Bess Levin

Posts by Bess Levin

Steven A. Cohen proved to be a stickler for the letter of the law when it came to paying the criminal penalty imposed on his former hedge fund as part of its guilty plea on insider trading charges. On April 10, Judge Laura Taylor Swain of Federal District Court in Manhattan gave Mr. Cohen’s SAC Capital Advisors up to 90 days to pay the $848 million penalty, part of an overall $1.2 billion criminal settlement reached with prosecutors last November. On Tuesday, the 90th day since Judge Swain accepted the firm’s guilty plea, Mr. Cohen’s firm made that payment, according to court records. [Dealbook]

When we last checked in with Holly Peterson, she had just released her debut novel, “The Manny,” a book about a rich Upper East Side woman who has an affair with her male nanny. Her father, Pete Peterson, was still working at Blackstone, the firm he founded with Steve Schwarzman. Her then-husband, Rick Kimball, Jr., was still working at Goldman Sachs. Fast forward seven years and much has changed. The elder Peterson has retired. Holly and Rick are no longer together. Rick is no longer with Goldman Sachs, possibly on account of the “naked-themed” Halloween party and “series of” topless backyard barbecues, though perhaps simply because of his newfound passion for hangover prevention ventures.

Yes, much has changed. But, comfortingly so, much has stayed the same. For example, the subject matter of Holly’s latest book, which was a topic of discussion in the Hamptons this week and whose plot can apparently be summed up as “a lotta sex.” Plus! “A stock-fixing scheme.” Bloomberg reports: Read more »

Donald Sterling told a judge his fight to block the $2 billion sale of the Los Angeles Clippers to former Microsoft Corp. Chief Executive Officer Steve Ballmer is about economics, not ego. “You think I’m doing this for ego?” Sterling asked a lawyer for his wife, Shelly Sterling, during one of many testy exchanges on the second day of a trial to determine whether she had sole authority to sell the National Basketball Association team after having her husband declared incapacitated. Sterling, 80, said he was negotiating a new cable-television contract with 21st Century Fox Inc. and that television providers’ demand for content would continue to drive up the value of sports franchises. The Clippers’ success on the court this year also has created interest from several radio stations to carry the games, he testified. “My wife can’t run anything,” Sterling told a state probate judge in Los Angeles who is deciding the case without a jury. “Of course I believe the team is worth more.” [Bloomberg]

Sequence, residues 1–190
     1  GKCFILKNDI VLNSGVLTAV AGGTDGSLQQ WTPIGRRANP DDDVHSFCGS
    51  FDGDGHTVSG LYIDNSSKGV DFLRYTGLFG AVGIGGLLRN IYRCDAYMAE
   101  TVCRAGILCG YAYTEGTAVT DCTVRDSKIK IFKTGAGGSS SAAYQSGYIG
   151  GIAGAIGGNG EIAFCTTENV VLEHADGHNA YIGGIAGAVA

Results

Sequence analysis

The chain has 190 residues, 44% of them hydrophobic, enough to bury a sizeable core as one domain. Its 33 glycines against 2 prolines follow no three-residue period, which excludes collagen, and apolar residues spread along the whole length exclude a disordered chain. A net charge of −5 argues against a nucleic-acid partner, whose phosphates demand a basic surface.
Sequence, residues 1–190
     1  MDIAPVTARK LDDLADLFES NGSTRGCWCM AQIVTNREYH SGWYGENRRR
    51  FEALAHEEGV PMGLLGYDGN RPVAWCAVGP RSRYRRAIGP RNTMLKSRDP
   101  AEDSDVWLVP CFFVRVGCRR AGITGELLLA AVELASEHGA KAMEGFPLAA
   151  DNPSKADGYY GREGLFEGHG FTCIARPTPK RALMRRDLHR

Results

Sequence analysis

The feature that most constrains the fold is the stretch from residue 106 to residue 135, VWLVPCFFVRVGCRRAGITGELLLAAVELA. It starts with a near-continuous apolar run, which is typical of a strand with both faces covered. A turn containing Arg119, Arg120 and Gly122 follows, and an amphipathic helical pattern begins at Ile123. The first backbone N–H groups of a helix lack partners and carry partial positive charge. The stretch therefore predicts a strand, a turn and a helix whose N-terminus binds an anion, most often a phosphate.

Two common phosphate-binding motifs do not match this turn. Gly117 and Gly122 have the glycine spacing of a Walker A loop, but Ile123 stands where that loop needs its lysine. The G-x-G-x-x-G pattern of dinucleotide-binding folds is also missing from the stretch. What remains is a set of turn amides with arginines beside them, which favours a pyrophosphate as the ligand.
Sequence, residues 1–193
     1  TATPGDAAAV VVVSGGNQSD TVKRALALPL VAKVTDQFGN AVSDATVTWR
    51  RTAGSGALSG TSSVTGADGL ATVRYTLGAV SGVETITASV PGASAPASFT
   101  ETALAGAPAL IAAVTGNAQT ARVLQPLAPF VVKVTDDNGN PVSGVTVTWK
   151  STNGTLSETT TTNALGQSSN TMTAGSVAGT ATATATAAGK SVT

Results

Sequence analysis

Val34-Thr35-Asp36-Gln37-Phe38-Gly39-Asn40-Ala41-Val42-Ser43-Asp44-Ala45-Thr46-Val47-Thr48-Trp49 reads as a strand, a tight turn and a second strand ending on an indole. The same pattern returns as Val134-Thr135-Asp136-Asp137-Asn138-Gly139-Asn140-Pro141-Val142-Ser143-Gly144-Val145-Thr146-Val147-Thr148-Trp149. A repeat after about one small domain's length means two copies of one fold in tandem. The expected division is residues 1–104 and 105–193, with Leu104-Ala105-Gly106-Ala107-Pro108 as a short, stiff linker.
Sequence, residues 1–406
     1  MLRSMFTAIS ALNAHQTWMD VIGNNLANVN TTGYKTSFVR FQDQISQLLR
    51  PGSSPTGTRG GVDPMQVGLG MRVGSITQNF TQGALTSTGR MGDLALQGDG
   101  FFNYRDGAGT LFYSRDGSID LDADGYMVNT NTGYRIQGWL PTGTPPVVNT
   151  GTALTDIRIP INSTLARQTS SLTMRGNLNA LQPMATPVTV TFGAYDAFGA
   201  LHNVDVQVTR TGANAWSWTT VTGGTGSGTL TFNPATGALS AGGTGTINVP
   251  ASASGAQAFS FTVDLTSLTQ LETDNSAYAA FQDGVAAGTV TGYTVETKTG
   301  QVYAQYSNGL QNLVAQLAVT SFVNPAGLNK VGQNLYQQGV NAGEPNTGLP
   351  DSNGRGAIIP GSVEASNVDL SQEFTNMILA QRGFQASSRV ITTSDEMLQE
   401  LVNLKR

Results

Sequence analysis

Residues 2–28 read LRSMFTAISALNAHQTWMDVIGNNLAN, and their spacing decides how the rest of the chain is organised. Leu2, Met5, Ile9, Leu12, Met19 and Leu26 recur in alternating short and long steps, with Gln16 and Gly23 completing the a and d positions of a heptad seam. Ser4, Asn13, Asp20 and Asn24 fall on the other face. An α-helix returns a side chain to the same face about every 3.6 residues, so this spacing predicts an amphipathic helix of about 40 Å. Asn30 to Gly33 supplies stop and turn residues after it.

It’s called orientation and training and it’s such a rare and unique time in junior mistmakers’ lives that one guy recounted his own experience to Dealbook as though it was the greatest thing that ever happened to him. Read more »

An ex-Pimco guy is doing croque monsieurs. A BNP risk manager is about to leave for crepes. What will you contribute? If Boeuf Bourguignon is out of your comfort zone, tear up some pieces of a baguette and smear some chocolate on them and call it a day. Read more »

Philip Falcone’s Harbinger Capital Partners is again suing Dish Network Corp. DISH +0.78% and Chairman Charlie Ergen, this time under the federal racketeering statute. Harbinger is suing both Mr. Ergen and Dish for at least $1.5 billion, saying Mr. Ergen violated the Racketeer Influenced and Corrupt Organizations Act when he acquired the debt of LightSquared—the wireless venture controlled by Harbinger—as Dish was making a bid for the company. Harbinger says Mr. Ergen’s purchases caused it to lose money and control of the LightSquared board. Mr. Falcone and other Harbinger officials resigned from the board as part of negotiations for a bankruptcy court restructuring. “Ergen and his fellow RICO Enterprise members pursued their abusive scheme through wire, mail and bankruptcy fraud, abuse of process, tortious interference with contract, and obstruction of justice,” Harbinger lawyers said in a filing with U.S. District Court in Colorado. Under RICO, originally designed to prosecute organized crime, parties can seek more damages than is typically allowed. [WSJ, related]

  • 08 Jul 2014 at 3:55 PM

Only 50% Of Rajaratnam Brothers Will Do Time

Unlike his brother Raj, currently serving an 11 year sentence for securities fraud, Rengan Rajaratnam will not spend time in the big house. Read more »

Recently acquired TGI Fridays made a play to reinvigorate itself Monday through a promotion that offers an endless supply of any one appetizer for a mere $10. And while some experts considered it a demonstration of long overdue innovation — a twist on all-you-can-eat salad bars — at least one analyst saw it as “an act of desperation.” “Old-line casual diners have been suffering sales declines for years,” said Nick Setyan of Wedbush Securities. “So I’m not really shocked one of them is trying something so out of the ordinary.” Fridays’ so-called “Endless App” promotion allows a customer to choose loaded potato skins, mozzarella sticks, boneless buffalo wings or another starter offered by the chain. And the promotion promises to keep the chosen appetizers coming until the customer eventually losses his appetite for them. What’s more, if reports put out by the 900-unit chain are to be believed, each member of a group can pick a separate appetizer, which they can then collectively share. Fridays was adamant, in fact, that its waitstaff wouldn’t police its patrons. [NYP]